Want a step-by-step guide to acquiring the perfect inground pool?

Want a step-by-step guide to acquiring the perfect inground pool?

6 Steps to the Perfect Inground Pool

There’s nothing like installing a concrete swimming pool to one-up your neighbor’s aboveground version. But planning your dream pool can be harder than it first seems. Consider your options and obligations before breaking ground, and inground pool construction will proceed swimmingly.

From Popular Mechanics

Starting the process of acquiring one of life’s great luxuries; the swimming pool; can be a daunting task.  Where does one begin to start this complicated process of selecting the type of pool, ensuring that one’s backyard is suitable, interfacing with the local municipality, selecting a contractor, designing the perfect space, selecting materials, etc. etc.  This process can be overwhelming for even an experienced contractor, let alone an uninformed homeowner.  Most people are experts in their particular field, but have no clue when it comes to this process.  Well, take heart, intrepid potential swimming pool owner:  Popular mechanics has your back.  This post gives you 6 easy steps to take to get the process going, and makes it simple to understand and follow.

Here is an excerpt from the post:

I’ll never forget the look on my father’s face the day I asked for an inground swimming pool. I must have been 10 or 11 years old, and he looked at me as if I’d asked for a helipad or another brother. “Go outside and run around the house,” he barked. Not even close to the response I was hoping for.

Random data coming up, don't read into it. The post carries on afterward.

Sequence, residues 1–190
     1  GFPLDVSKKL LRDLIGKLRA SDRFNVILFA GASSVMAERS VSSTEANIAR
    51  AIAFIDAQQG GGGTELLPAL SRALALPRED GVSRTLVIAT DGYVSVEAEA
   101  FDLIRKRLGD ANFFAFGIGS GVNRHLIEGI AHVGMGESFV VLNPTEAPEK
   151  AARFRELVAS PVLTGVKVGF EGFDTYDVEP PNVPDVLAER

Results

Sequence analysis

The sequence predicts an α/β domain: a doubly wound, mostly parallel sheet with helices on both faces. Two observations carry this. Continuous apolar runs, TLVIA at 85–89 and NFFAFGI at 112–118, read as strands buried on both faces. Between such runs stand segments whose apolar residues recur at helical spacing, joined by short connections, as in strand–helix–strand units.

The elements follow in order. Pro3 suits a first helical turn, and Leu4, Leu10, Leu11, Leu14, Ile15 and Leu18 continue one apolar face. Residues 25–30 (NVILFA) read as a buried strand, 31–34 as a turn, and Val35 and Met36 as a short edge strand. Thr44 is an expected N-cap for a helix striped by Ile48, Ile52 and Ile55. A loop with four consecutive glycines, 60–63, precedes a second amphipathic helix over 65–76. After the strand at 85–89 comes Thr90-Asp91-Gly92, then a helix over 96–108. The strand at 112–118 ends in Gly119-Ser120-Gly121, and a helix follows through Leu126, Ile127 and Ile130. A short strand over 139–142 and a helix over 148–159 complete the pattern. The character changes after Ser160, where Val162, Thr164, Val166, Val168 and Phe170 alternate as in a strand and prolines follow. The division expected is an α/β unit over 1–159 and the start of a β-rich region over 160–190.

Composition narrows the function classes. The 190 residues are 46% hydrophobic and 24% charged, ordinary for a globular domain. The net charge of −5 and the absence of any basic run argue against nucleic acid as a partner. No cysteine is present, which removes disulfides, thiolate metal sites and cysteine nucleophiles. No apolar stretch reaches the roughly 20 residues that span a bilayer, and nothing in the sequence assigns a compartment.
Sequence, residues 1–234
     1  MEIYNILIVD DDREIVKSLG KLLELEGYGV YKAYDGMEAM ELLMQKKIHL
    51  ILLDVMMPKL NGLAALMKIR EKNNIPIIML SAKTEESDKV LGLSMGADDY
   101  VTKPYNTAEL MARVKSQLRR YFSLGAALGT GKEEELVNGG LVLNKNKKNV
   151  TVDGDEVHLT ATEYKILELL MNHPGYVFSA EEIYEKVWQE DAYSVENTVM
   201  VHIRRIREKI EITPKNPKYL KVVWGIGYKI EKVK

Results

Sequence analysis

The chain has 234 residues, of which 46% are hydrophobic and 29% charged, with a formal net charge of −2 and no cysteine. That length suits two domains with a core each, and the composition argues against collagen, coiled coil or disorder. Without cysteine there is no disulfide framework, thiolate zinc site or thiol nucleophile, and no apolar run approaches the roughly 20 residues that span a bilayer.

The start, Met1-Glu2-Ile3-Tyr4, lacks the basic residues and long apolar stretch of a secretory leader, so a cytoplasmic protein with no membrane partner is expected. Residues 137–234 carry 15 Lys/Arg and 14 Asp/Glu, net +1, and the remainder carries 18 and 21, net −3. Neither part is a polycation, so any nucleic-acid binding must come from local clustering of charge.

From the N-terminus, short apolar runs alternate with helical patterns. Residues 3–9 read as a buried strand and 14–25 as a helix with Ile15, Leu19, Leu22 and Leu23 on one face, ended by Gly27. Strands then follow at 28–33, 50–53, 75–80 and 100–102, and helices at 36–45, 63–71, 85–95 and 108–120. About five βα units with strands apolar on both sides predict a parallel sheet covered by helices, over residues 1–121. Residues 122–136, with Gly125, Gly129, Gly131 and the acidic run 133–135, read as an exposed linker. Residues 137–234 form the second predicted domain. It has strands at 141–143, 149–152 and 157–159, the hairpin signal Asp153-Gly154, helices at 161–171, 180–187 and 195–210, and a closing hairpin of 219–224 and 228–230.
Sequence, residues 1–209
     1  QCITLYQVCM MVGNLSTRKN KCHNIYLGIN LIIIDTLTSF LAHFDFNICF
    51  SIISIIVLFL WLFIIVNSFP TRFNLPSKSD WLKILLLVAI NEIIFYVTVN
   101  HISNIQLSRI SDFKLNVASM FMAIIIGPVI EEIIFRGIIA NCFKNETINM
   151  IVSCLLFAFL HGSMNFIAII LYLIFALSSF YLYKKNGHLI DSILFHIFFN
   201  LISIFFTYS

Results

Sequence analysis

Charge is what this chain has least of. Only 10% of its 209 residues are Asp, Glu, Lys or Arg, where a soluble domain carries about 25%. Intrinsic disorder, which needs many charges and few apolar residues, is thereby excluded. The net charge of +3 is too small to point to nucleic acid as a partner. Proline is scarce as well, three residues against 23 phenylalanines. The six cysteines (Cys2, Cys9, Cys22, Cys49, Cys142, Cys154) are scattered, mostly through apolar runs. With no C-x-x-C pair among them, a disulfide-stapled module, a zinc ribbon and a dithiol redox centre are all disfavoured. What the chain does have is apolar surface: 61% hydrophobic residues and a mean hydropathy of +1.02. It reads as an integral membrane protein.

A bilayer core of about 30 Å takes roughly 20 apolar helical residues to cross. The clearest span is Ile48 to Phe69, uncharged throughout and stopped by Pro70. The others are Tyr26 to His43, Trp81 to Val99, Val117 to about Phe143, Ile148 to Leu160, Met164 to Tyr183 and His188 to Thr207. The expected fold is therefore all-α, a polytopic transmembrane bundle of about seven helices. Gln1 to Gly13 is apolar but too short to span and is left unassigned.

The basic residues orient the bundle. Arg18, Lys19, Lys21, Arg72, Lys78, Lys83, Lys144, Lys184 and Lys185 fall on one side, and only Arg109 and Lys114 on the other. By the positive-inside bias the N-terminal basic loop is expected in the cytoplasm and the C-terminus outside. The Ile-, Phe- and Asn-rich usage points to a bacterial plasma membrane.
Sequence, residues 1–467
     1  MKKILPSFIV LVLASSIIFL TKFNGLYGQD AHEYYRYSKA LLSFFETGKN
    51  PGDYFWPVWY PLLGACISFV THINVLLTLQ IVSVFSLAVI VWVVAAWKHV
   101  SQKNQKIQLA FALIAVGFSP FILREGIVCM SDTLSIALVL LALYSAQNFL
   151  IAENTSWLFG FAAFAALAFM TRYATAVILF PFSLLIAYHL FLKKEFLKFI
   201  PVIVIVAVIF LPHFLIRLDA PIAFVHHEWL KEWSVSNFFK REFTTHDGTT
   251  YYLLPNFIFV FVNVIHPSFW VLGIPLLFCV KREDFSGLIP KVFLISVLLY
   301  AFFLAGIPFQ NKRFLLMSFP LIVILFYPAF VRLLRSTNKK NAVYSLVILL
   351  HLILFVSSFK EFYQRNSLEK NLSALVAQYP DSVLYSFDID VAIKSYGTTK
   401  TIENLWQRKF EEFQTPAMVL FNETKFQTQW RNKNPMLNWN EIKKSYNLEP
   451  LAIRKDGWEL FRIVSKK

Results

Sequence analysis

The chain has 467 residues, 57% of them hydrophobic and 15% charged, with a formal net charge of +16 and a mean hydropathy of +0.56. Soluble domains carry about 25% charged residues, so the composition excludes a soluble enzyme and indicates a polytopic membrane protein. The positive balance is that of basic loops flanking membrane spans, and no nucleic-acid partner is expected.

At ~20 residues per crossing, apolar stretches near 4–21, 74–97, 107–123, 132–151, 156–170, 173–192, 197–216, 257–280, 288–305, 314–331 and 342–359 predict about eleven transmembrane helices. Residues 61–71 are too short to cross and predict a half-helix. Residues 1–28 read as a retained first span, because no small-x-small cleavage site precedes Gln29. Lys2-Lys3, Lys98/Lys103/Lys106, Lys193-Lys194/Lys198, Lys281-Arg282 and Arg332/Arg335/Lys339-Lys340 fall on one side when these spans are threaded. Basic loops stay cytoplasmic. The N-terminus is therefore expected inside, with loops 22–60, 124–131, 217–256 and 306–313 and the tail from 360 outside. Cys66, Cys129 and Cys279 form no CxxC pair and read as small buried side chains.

Back then, aboveground swimming pools were popular, but “dug-in” pools were rather rare. In fact, there was only one in our entire neighborhood. Times sure have changed: According to the Association of Pool and Spa Professionals, there are about 5 million existing inground pools in the U.S., and 175,000 to 200,000 new pools are built each year.

About two years ago I decided to take the plunge, so to speak, and began calling pool contractors to get approximate construction costs. Next, I spoke with the bank to discuss financing options.

When the contractor came out to inspect the proposed pool site, he walked around the backyard, stopping occasionally to kick at the dirt and shake his head. Not a good sign. “Well, we could put the pool here,” he said with little enthusiasm, “but it ain’t going to be easy.”

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